Health Card for Seniors

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Wally David

I’m a proud husband and father and I advise people on money for a living. I've been doing this money thing for over a decade and have a keen passion for educating people on their options by simplifying information into everyday language and cutting to the chase.

health card for seniors

There are two main types of health card for seniors currently available:

– Low Income Health Care Card
– Commonwealth Seniors Health Card

Both cards give you discounts on prescription medicines through the Pharmaceutical Benefits Scheme (PBS). Each card also entitles you to a range of other concessions, depending on what state you reside.

Low Income Health Care Card

The Low Income Health Care Card (LIHCC) is an income-based assessment. Centrelink look at your income for the previous 8-week period prior to applying for the card.

The amount of income you can earn to qualify is different depending on your family situation. ie. Single, Couple.

To apply for the card, your income must be below the following limits:

Family SituationWeekly Income8-week period
Single (no children)$524$4,192
Couple, combined (no children)$906$7,248
Single, one dependent child$906$7,248
For each additional dependent child add$34$272

Note the limits in the above tables are current as of 1 January, 2014

Commonwealth Seniors Health Card

The Commonwealth Seniors Health Card (CSHC) is only available to those who have reached Age Pension age. So if you’ve not yet reached pension age, the Low Income Health Care Card is your only option.

The Commonwealth Seniors Health Card is based on taxable income.  This is an important distinction as it means many self-funded retirees may be eligible for the card. If most of your income is drawn from superannuation, then your taxable income may be lower than the allowable limits. Income drawn from a superannuation fund from the age of 60 is considered tax exempt and therefore won’t be included in the income calculation for the card.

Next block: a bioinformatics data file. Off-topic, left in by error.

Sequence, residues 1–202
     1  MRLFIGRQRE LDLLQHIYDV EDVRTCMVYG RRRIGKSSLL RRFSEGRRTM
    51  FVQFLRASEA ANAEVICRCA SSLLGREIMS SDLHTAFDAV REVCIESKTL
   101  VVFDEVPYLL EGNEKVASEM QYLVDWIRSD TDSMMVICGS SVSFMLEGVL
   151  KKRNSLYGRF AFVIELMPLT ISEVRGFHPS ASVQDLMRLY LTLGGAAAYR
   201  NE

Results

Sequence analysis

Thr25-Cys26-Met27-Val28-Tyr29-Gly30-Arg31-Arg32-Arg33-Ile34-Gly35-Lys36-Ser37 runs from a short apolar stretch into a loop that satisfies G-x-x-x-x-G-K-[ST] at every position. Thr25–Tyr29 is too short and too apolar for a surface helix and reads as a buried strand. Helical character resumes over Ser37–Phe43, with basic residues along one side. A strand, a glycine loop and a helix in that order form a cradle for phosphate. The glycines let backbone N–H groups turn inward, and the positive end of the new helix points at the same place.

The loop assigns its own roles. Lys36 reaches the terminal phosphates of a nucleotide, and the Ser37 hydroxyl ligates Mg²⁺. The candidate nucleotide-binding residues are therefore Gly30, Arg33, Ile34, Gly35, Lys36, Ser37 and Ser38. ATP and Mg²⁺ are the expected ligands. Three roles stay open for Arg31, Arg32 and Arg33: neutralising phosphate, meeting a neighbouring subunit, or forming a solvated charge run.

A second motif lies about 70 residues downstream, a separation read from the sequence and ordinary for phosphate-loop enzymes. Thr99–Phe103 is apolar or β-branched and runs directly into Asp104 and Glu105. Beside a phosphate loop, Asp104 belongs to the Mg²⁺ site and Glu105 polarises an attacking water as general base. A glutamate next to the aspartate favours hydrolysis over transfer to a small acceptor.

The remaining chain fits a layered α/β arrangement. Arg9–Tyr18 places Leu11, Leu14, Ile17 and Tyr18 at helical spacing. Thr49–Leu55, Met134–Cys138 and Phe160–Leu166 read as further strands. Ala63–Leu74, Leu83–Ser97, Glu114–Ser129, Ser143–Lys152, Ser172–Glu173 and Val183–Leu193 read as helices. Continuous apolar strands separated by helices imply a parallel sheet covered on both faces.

Neither card is subject to an assets test. This means they may be an alternative to those retirees whose assets are too high for an Age Pension.

1 January 2015 Changes

From 1 January 2015, deeming will apply to superannuation pensions, such as account-based pensions, for the purpose of the income test for both health cards. This change will impact how many seniors qualify for the CSHC in the future.

Grandfathering will mean deeming will not apply to existing CSHC holders who have an account-based pension prior to 1 January 2015. However, if you change your account-based pension to a new product after 1 January 2015, deeming will apply to the new pension.

No grandfathering will apply for LIHCC holders.

For more information regarding these upcoming changes, please see my related post.

Comments

  1. says

    Hello Wally,
    Are we eligible for both the Seniors Supplement and The commonwealth health card. Ages 76 & 66 have no pension very low income. Below assets allowable.

    • Wally David says

      Hi Vivienne,

      Providing your taxable income is less than $80,000 as a couple, you should be eligible. There is no asset test for the Commonwealth Seniors Health Card

      – Wally

  2. Rose Honeyblossem says

    Hi Wally,

    what limit of money you can have in bank ,before you can claim Low Income Health Care Card

    Thanks

    Rose Honeyblossem

    • Wally David says

      Thank you for your question, Rose.

      I’m afraid there is no hard-and-fast amount you can have in the bank to qualify. It will depend upon a range of factors, such as if you’re single or partnered, and whether you have other sources of income to consider.

      – Wally

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